Kwame Christian – Negotiation & Conflict Resolution Training at American Negotiation Institute

Kwame talks about his book, Finding Confidence in Conflict. He goes on to explain: · What is compassionate curiosity · Why people avoid difficult conversations · Why conflict is an opportunity · Why have the license to fail was the key to his success 

Nick Glimsdahl 0:05 

Welcome to the Press 1for Nick podcast. My name is Nick Glimsdahl. And my guest this week is Kwame Christian Kwame is the director of the American negotiation Institute business lawyer at Carlyle, Patrick Murphy, LinkedIn teaching instructor and he’s also the host of the world’s most popular negotiation podcast negotiate anything. Kwame, welcome to the press one for Nick’s podcast.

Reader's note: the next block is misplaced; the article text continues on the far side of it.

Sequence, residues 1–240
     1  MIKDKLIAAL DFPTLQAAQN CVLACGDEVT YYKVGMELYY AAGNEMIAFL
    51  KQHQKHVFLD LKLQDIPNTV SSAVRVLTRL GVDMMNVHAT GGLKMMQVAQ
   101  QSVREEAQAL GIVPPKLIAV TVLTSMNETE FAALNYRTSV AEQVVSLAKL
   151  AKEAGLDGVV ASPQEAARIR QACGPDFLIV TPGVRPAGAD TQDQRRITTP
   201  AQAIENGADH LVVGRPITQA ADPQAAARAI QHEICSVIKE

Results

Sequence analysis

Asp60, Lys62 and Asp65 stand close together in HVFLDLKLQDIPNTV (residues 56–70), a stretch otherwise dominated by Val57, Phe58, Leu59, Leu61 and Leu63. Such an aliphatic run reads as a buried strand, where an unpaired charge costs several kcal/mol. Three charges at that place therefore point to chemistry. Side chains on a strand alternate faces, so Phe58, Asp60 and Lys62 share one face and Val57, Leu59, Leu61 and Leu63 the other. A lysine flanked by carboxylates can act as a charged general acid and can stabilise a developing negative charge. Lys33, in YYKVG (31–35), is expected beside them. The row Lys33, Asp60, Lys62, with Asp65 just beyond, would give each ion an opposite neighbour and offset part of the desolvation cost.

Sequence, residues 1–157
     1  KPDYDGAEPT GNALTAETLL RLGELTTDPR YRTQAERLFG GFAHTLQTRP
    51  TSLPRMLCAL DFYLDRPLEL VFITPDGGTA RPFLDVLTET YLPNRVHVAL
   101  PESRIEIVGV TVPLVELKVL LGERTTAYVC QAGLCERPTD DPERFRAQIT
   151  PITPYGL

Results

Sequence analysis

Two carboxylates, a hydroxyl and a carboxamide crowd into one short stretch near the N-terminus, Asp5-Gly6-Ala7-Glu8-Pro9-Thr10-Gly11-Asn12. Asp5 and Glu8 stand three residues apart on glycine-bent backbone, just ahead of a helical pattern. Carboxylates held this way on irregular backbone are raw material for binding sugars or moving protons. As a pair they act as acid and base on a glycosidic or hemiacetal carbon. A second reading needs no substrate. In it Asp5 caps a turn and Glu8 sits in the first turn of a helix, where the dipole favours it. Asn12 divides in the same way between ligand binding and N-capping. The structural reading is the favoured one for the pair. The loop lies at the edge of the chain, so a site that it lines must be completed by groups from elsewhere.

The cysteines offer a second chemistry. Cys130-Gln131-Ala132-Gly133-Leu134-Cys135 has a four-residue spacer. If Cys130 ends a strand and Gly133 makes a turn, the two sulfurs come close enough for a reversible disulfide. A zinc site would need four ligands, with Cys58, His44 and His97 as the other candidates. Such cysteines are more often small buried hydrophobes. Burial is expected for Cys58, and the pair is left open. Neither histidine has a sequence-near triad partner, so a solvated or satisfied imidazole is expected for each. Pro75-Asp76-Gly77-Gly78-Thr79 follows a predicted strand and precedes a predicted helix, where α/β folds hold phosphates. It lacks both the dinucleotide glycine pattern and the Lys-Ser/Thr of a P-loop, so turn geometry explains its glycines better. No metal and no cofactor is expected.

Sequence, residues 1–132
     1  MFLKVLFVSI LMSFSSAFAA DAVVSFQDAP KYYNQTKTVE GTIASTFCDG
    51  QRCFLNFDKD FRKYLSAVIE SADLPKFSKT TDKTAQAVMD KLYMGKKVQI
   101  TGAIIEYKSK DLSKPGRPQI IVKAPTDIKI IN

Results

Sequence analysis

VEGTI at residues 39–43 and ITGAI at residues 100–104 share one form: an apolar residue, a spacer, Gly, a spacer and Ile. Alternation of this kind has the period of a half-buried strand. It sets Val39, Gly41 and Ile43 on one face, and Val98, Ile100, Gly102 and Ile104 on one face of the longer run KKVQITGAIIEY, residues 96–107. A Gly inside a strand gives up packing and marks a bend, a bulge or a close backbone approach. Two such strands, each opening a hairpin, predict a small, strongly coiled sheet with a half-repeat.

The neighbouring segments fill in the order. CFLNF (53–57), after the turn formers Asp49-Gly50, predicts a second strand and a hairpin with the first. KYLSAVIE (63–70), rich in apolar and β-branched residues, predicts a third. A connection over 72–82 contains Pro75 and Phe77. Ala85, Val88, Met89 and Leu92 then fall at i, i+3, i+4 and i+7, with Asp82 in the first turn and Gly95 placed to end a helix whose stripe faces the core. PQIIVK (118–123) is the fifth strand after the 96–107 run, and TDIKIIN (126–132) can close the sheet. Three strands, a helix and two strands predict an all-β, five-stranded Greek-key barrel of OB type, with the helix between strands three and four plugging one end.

Kwame Christian 0:28 

Nick. Thanks for having me.

Nick Glimsdahl 0:29 

Yeah, so one question that I asked every buddy and just to know a little bit about who you are, and maybe even some of your friends might not know. But what’s one thing people might not know about? Kwame?

Kwame Christian 0:43 

So one thing is my favorite mispronunciation of my name is Kwame. Yeah, it’s hilarious. So I got it so much. When I first started college that my close friends that was that became my nickname. Kwame became my nickname for my close friends. So it’s so it’s like, only people who don’t know me at all call me Kwame and people who really, really, really, really know me

Nick Glimsdahl 1:08 

Well. But the people in the middle, the people in the middle actually enunciate your name correctly.

Kwame Christian 1:15 

Kwame. Yeah,

Nick Glimsdahl 1:19